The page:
Governance and CEO Turnover: Do Something or Do the Right Thing?
Coauthor(s): Rakesh Khurana.
Shareholder delegation of the power to fire the CEO to the board of directors is central to corporate governance. While the board ideally acts as desired by shareholders, board entrenchment may insulate
a poorly performing manager from shareholders agitating for her removal. The conventional 'costly firing' model of managerial entrenchment views this protection from shareholders as purely negative. Yet recent anecdotal evidence on managerial turnover suggests an alternative view of entrenchment: If shareholders misattribute poor performance to the CEO rather than to circumstance, then insulating management from the whims of shareholders may lead to better firing decisions. We propose that entrenchment has an inherent trade-off. We present a model that directly incorporates both sides of this trade-off, and generates a set of empirical predictions that we explore using recently collected data on governance statutes and on the dismissals of CEOs of large U.S. corporations. Our results demonstrate that governance is a very important mediating factor in the relationship between performance and firing. Furthermore, we find support for the 'misguided shareholder' view of entrenchment. Fundamentally this paper explores whether, in caving in to shareholder demands, boards act in the best interests of shareholders or simply respond to their whims: Do they do just do something, or do they do the right thing?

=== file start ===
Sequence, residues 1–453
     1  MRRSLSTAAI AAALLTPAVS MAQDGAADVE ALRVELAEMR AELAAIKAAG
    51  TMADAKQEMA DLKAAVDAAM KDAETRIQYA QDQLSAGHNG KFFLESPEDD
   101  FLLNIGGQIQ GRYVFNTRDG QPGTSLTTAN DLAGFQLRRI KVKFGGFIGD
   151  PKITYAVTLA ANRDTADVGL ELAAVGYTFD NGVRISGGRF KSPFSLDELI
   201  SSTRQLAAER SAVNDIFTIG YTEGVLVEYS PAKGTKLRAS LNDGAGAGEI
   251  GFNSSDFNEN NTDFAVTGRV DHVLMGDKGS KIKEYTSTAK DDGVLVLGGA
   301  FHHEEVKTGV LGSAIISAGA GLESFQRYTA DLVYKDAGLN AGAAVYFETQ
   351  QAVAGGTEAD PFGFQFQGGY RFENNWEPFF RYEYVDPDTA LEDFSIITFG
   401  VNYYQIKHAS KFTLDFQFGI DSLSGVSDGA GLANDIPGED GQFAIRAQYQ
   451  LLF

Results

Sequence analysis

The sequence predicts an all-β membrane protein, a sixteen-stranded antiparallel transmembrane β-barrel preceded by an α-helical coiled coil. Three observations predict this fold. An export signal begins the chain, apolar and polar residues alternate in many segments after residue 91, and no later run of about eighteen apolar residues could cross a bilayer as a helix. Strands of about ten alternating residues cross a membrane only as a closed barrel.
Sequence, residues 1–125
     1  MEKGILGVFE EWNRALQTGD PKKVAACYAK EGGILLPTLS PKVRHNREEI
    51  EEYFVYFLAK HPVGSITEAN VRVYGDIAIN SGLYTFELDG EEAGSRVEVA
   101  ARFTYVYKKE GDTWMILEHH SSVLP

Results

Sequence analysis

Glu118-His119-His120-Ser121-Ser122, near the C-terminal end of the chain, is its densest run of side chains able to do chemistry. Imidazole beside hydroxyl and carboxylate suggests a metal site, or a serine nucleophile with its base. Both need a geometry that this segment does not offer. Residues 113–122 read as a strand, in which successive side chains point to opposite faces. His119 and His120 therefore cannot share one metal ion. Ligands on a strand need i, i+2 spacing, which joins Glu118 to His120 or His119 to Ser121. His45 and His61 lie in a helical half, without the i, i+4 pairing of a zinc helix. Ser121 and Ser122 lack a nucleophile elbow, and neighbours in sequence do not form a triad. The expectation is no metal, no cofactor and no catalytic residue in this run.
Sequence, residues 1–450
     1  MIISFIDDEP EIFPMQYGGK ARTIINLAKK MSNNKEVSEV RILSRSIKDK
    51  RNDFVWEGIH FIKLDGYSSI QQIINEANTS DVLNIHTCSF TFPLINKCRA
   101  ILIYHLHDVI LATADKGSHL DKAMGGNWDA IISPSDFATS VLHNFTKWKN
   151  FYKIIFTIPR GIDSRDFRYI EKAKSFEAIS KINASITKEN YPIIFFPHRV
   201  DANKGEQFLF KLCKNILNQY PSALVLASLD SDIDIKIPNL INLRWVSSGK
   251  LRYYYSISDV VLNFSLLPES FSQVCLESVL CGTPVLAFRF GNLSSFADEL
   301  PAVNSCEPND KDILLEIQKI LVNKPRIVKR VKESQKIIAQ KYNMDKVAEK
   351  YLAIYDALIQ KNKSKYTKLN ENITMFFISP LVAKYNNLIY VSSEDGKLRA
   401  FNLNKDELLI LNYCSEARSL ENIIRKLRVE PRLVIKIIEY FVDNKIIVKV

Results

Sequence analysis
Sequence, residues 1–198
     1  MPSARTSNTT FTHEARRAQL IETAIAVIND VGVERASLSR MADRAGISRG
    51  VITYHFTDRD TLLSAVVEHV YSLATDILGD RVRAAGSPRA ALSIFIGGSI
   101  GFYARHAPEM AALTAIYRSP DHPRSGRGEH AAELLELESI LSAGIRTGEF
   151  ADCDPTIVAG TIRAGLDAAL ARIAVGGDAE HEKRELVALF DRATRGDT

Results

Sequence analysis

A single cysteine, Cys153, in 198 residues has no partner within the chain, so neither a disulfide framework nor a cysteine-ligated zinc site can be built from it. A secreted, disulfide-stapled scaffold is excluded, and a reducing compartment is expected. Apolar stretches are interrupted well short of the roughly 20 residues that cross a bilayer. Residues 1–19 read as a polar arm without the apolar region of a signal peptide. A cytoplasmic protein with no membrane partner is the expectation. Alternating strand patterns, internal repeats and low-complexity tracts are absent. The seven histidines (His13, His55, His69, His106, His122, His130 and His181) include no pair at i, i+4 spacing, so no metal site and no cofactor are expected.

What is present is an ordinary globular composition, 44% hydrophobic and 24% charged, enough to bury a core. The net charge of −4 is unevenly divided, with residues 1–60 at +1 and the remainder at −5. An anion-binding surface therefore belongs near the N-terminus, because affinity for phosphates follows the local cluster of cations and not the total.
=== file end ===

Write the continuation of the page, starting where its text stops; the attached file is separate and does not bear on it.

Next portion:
Rhodes-Kropf, Matthew, Raymond Fisman, and Rakesh Khurana. "Governance and CEO Turnover: Do Something or Do the Right Thing?" Columbia Business School, 2005.